structure has to be, what kind of mood and feel we want it to have,”
says Arcara. Sometimes that means negotiating the co-mingling of many
distinct voices in a single song, such as “Such Sweet Alarms,” which
finds space for spirited turns on the cello, banjo and mandolin—plus
some lovely vocal harmonies—without ever feeling too busy. At other
times, the best thing an individual can do in service of the song is
set their instrument aside.

“We’re always looking after the interest of the music as a whole, even
if it means working for months on new material, or making big changes
long after we’ve settled into an arrangement,” says Beaton. “We all
have plenty of opportunities to show our talents in our music, but
it’s the understated approach we usually take that makes our music

To focus on realizing their musical vision as fully as possible on
This Unknown Science, the band adjourned to the Great North Sound
Society studio, a converted 18th century barn in southern interior
Maine. Since GNSS has a live-in facility, that choice allowed the band
to work without distractions or commutes. As Arcara observes, “It’s
much easier to focus on the music when you’re sequestered in a
farmhouse for ten days.” More important was the opportunity to work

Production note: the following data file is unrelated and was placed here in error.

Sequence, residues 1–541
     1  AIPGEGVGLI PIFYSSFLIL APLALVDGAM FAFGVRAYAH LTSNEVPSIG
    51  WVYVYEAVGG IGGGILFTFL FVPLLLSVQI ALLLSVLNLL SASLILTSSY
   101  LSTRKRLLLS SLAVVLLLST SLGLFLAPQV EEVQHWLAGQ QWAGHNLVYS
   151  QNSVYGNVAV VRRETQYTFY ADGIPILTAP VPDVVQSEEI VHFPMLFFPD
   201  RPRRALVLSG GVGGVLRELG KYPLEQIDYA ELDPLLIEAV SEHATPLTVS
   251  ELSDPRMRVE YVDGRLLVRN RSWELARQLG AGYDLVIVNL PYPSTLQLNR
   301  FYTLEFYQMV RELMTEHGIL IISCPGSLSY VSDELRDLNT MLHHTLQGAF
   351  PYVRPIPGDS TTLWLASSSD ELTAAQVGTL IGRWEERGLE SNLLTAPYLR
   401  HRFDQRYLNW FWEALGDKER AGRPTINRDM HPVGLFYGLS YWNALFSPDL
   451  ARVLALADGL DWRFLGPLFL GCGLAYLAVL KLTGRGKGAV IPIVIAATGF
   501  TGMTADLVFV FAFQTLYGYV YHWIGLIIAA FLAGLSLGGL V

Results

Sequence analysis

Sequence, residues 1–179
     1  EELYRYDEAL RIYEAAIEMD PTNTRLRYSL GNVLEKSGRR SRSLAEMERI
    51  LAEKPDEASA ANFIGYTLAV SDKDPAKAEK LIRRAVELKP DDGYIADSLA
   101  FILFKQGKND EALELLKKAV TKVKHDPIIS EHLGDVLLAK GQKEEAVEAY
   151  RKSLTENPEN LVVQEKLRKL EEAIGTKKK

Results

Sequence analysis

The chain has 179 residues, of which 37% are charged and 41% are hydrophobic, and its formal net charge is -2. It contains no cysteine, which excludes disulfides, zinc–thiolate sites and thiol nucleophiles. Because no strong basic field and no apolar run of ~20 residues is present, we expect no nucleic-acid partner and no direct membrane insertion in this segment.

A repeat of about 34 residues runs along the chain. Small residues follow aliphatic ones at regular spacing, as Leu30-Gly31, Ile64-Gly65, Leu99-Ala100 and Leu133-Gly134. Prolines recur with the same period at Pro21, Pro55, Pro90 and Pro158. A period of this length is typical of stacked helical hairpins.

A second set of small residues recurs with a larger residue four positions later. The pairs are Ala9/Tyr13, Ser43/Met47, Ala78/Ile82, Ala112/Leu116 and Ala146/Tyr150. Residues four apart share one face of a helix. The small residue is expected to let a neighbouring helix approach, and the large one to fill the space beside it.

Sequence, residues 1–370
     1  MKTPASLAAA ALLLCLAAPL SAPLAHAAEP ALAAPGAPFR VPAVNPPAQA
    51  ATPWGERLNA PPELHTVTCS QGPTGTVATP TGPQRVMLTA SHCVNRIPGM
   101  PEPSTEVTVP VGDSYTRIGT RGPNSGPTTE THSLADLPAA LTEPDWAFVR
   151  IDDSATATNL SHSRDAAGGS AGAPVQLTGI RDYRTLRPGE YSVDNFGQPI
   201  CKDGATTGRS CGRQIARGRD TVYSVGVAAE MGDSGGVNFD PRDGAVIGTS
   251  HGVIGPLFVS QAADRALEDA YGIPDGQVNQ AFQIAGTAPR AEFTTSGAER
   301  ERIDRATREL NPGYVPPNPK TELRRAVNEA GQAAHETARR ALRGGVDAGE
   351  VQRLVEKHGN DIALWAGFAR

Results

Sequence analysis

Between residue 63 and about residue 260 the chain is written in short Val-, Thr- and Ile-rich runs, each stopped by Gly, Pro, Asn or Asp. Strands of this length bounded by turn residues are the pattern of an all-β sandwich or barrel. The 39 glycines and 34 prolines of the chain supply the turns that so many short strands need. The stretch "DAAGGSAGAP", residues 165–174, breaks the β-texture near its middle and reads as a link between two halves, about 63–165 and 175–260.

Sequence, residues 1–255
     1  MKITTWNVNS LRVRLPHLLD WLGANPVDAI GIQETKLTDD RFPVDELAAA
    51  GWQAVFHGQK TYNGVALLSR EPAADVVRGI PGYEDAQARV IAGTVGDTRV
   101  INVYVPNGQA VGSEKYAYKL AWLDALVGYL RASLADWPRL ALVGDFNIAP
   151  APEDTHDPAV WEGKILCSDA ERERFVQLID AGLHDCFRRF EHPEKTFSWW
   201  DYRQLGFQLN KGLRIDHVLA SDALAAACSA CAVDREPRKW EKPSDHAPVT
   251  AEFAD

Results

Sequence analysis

with GNSS proprietor Sam Kassirer, who has produced records for Josh
Ritter, Erin McKeon, and Langhorne Slim—all artists who, like Joy
Kills Sorrow, happily straddle the worlds of roots music and
indie-rock. Kassirer further encouraged them to experiment and take
chances, whether that meant using five different microphones and an
amplifier on Beaton ‘s vocals, or taking the happy accident when
Arcara repeatedly played in three against four at the end of “Jason”
and making it an integral part of the final version. “There ended up
being a lot of things we fooled around with that didn’t end up on the
record,” admits Beaton, “but by that same process and strategy, we
came up with a ton of new stuff that did.”

Not that all that sweat and head-scratching leaps to the forefront
when you listen to This Unknown Science. No, what resonates throughout
this album is that same understated approach that already serves this
modern American string band so well; the individual members play their
instruments with formidable, prize-winning skill, but they do so in
service of melodies and lyrics that can communicate just as powerfully
with a Brooklyn twenty-something as a retiree in the Blue Ridge
Mountains. And while Joy Kills Sorrow makes it sound as easy as 1-2-3,
this isn’t music as math; it takes chemistry, trial-and-error, and
unspecified quantities of that little something extra to make a record
as special as This Unknown Science.